CLOSE

Now Commenting On:

Torre was rooting for Yanks in World Series

Torre was rooting for Yanks in World Series

NEW YORK -- Joe Torre knew he was probably supposed to be pulling for the Phillies in the World Series. But in the end, he wound up cheering just as hard as ever for Joe Girardi and the Yankees.

Now two seasons removed from his 12-year run behind the big manager's desk in the Bronx, the Dodgers' skipper said that he was happy the Yankees have finally accomplished the goal that they thirsted for since Torre's last championship in 2000.

"To watch what they've done with Joe Girardi at the helm really made me feel good, even though I'm supposed to be a National League fan and all that stuff," Torre said. "When you're as close to these guys as I've been for all these years, I was just really pleased for them."

More

Of course, part of Torre wished that he could have been there. It was the Phillies who knocked off the Dodgers in the NL Championship Series, securing their date in the World Series and waiting for the Yankees to clinch against the Angels.

"It was surreal. There's no question," Torre said. "It's not very often that you're someplace for 12 years like I was and then all of a sudden, 14 years later, you're looking up there and seeing a lot of familiar faces."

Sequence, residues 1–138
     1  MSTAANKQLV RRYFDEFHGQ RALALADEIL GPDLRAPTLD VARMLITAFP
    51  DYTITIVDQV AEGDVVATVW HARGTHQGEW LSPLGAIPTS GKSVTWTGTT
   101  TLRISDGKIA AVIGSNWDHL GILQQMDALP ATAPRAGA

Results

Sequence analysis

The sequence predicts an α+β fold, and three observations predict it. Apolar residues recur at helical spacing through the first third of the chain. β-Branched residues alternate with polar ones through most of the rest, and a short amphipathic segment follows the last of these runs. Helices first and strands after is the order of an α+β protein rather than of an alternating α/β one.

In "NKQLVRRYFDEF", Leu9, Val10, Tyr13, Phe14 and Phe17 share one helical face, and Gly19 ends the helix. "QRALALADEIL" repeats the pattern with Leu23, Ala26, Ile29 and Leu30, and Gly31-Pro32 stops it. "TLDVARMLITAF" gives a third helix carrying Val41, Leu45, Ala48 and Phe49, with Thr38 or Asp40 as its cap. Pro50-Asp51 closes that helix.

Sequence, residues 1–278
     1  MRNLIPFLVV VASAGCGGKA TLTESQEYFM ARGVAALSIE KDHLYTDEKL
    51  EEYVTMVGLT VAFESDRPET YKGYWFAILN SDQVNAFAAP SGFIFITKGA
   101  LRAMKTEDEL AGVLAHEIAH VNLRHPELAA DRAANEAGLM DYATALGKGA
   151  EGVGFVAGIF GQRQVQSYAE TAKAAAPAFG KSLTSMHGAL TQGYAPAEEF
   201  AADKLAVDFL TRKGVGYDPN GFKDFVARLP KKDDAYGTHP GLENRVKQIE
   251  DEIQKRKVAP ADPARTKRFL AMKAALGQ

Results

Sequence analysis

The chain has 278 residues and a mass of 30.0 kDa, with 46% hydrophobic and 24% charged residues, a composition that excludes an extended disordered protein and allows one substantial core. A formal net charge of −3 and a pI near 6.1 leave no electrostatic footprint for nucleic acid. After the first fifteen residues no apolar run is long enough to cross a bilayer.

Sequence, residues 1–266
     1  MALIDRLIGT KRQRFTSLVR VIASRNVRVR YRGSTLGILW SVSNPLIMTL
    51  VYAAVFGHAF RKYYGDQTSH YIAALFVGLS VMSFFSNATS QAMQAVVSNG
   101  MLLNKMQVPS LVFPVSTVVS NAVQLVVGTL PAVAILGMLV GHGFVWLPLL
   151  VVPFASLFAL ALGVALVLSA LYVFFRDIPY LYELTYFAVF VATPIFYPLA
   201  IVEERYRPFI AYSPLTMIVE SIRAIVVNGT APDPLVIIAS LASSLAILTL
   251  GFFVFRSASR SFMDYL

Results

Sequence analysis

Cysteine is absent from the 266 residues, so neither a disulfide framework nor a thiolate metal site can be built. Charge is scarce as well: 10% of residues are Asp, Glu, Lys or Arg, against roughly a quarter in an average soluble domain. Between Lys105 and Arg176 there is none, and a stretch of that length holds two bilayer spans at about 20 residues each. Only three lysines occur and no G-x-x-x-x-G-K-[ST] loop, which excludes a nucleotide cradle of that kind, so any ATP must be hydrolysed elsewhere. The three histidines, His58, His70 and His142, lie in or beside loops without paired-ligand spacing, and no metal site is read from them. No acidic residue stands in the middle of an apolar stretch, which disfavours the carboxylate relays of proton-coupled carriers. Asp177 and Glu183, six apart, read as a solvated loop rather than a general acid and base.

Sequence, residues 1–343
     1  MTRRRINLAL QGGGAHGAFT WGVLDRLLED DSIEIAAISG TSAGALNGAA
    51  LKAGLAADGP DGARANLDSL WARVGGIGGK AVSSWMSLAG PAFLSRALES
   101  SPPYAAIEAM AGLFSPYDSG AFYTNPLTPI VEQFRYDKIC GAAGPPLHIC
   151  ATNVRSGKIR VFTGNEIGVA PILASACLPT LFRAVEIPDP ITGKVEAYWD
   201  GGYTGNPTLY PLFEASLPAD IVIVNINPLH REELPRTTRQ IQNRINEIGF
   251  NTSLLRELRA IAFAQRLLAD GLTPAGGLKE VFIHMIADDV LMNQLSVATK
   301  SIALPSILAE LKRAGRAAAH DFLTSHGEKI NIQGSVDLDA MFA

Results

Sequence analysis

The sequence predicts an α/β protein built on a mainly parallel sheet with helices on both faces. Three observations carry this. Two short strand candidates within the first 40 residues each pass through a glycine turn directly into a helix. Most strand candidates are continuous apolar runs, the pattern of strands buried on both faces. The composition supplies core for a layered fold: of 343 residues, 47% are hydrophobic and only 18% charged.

Torre's former bench coach Don Zimmer, now a senior advisor with the Rays, said he was also cheering hard for the Yankees. Girardi broke in as a rookie catcher with Zimmer's Cubs in 1989 and went along with him to Colorado in '93 before continuing with the Yankees in '96.

"I was pulling so hard," Zimmer said. "I spent the first 10 years he was in the big leagues, we were together. Joe's quite a man and a very good friend of mine. I was happy for him and I was happy for the Yankees."

Zimmer noticed the scrutiny on Girardi was intense during the Fall Classic, and he said that he was pleased the manager was vindicated in the end.

"He took a lot of heat from the media during the Series," Zimmer said. "I remember all that. [The media was] second-guessing every move he made. If they'd have lost, I'm sure he'd have heard more. Now that he won, he's on top of the world. That's the way baseball works. I was so tickled he was right."

In a way, the fact that Torre did not have to manage against the Yankees relieved him of a sticky situation, though he knew a lot of family and friends in the area were pulling for a Dodgers-Bombers World Series.

"Once it was over with, I was wondering," Torre said. "[I was] trying to think in my mind, 'Derek Jeter hitting and I'm trying to get him out.' It'd be the first time I pulled against this guy."

Torre won't have to wait all that long. He'll get to try and prevent Jeter and Jorge Posada from getting hits -- and perhaps hope that Mariano Rivera blows a save -- next June 25-27 at Dodger Stadium, when the Yankees and Dodgers meet in an Interleague series.

In the meantime, Jeter said that he received a congratulatory text message from "Mr. T" and that it is becoming less strange to not think of him as the Yankees' manager.

"He's learning, huh? That's all he does is text," Jeter said. "It's been a while. I still think very, very highly of him. That goes without saying. But I think I'm kind of used to it about now."

Bryan Hoch is a reporter for MLB.com. This story was not subject to the approval of Major League Baseball or its clubs.

Less
{}
{}